How to fight the Prays oleae in a biological way
The olive moth (Prays oleae Bernard, 1788) is a moth of the Praydidae family which represents one of the most important adversities in the cultivation of the olive tree. This moth is present in all the Italian olive-growing areas. It is a small gray butterfly with blackish spots on the wings, 12 – 13 mm. The larvae, of light hazel color, are about 8 mm long and have greenish longitudinal bands on the back, and yellowish on the belly.
The damage is related to the trophic activity of the larvae that dig tunnels on flowers, leaves and fruits. The greatest damages are obviously those related to the attack of the fruits.
The measures to reduce the intensity of the population are agronomic and ecological in advance.
Those of an ecological nature are linked to the need to reduce plant densities and the specialization of olive groves by introducing shrub species from hedges to be inserted in the perimetrations of the plots and possibly to interruptions of plots that are too extensive. The shrub species must be chosen among the autochthonous ones of the cultivation area, inserting more species and creating mixed rows. In this way it is possible to increase the useful homoomofauna too often reduced or even eliminated by indiscriminate chemical treatments.
Those of agronomic nature are linked to raising the olive tree in less advantageous conditions for the olive moth. These include grassing; the cultivation technique with soil totally devoid of grassy layer creates an unnatural ecological environment where the parasitic biocoenoses, between useful insects and parasites, are difficult to balance dynamically. Grassing, especially with legumes, serves two purposes:
– increases the niche system of useful species;
– increases the nitrogenous endowment for the olive grove, thus eliminating the need for nitrate nitrogen inputs which, by excessively soothing the vegetation of the plant, make the plant tissues more palatable.
Another useful precaution is to keep the plants aired inside, which in fact is now in modern olive growing.
Even the irrigations should not be abundant in order not to stimulate the vegetation of the plant that tends to increase the populations of this as well as other harmful insects.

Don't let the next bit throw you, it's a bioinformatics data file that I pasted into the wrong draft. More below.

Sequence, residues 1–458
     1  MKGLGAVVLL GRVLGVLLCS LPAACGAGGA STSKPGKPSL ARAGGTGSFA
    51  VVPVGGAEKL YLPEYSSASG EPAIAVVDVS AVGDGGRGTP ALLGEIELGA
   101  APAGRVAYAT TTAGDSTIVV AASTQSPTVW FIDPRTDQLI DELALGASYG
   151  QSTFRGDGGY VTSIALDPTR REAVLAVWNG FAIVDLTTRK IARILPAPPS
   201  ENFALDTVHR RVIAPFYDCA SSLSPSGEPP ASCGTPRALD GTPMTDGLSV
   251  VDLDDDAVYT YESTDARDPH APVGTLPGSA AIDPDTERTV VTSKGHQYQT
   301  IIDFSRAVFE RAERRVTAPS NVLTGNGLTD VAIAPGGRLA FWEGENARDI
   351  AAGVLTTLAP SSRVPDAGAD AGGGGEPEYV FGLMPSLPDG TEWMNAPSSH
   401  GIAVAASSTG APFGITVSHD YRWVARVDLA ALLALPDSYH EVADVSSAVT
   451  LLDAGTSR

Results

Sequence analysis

Once the olive grove has been rebalanced from an ecological and agronomic point of view (which should be done during the planting phase) better conditions have been created within it.
But it is possible (and unfortunately often certain) that around our olive grove the ecological condition is not in equilibrium (for excessively specialized plants, use of chemistry, etc.) for which it will still be necessary to operate preventive action.
In this sense, the preventive fight must be carried out against the carpophagous generation, the one that attacks the fruit, through the use of predators, also present in nature; an increase in these populations will be made, decompensated by external factors.
Among these we remember some predators, belonging to different orders, that parasitoids, mainly attributable to the order of the Hymenoptera. Among the most active parasitoids of the Prays oleae we remember: Ageniaspis fuscicollis var. praysincola (Hymenoptera: Encyrtidae) and Chelonus elaeaphilus (Hymenoptera: Braconidae). THERE. fuscicollis praysincola is an endophagous and polyembryonic parasitoid that develops three generations a year, synchronized with those of the Prays. C. elaeaphilus is also an endophagous parasitoid. Both attack the larvae. The action of these parasitoids is assisted by others, ascribable to Hymenoptera Chalcidaids and Icneumonids acting as ectoparasitoids on larvae or as endoparasitoids on chrysalises.
Predators instead act fundamentally on eggs and larvae in the early stages of development. Among the most active we mention the larvae of Neuropterans (Chrysopids), juvenile and adult stages of predatory Rincoti (Antocoridae and Miridi), the larvae of Hymenoptera oofagi (Tricogrammatidi) and finally those of Ditteri (Sirfidi). The latter are also active on larvae.
Both in the case of prassitoids and predators, the effectiveness of their action depends on the state of health of the agro-ecosystem and on the degree of biodiversity. It is useless to include them if the agro-ecosystem is not properly balanced. It is a mistake that unfortunately many do.
In case you have to intervene anyway to further decrease the populations, you can use the Bacillus thuringensis, natural pyrethrins or azadirachtin. In particular, the Bacillus, acts exclusively on larvae that are found outdoors and very effectively in the early stages of development and is intended to lower the density of the next population.
Also for the moth of the olives you can use the so-called Tap Trap food traps or Vaso Trap: the bait for lepidoptera must be based on wine sweetened with sugar, cinnamon and cloves. The goal of bio traps is instead the capture of adult moths, to reduce the population and have less larvae.
However, it is important to observe the olive grove in order to program biological control interventions. For example. the observation of the “cobwebs” around the inflorescences, clearly visible and easy to identify. The alarm triggers (taking into account the biological cycles of the moth and its high mortality rate) when 35-40% of the flowers are affected.
Even more important is the monitoring of the ovipositions which allows a direct estimate of the probable infestation, it being understood that in the estimate an adequate reduction coefficient must be applied. The monitoring must be done on a sample of 100-200 olives taken with a random distribution and subsequent analysis under a binocular microscope. Normally the intervention thresholds, which must however be calibrated on the local realities, are around 10-15% for the oil cultivars and lower for the table cultivars.
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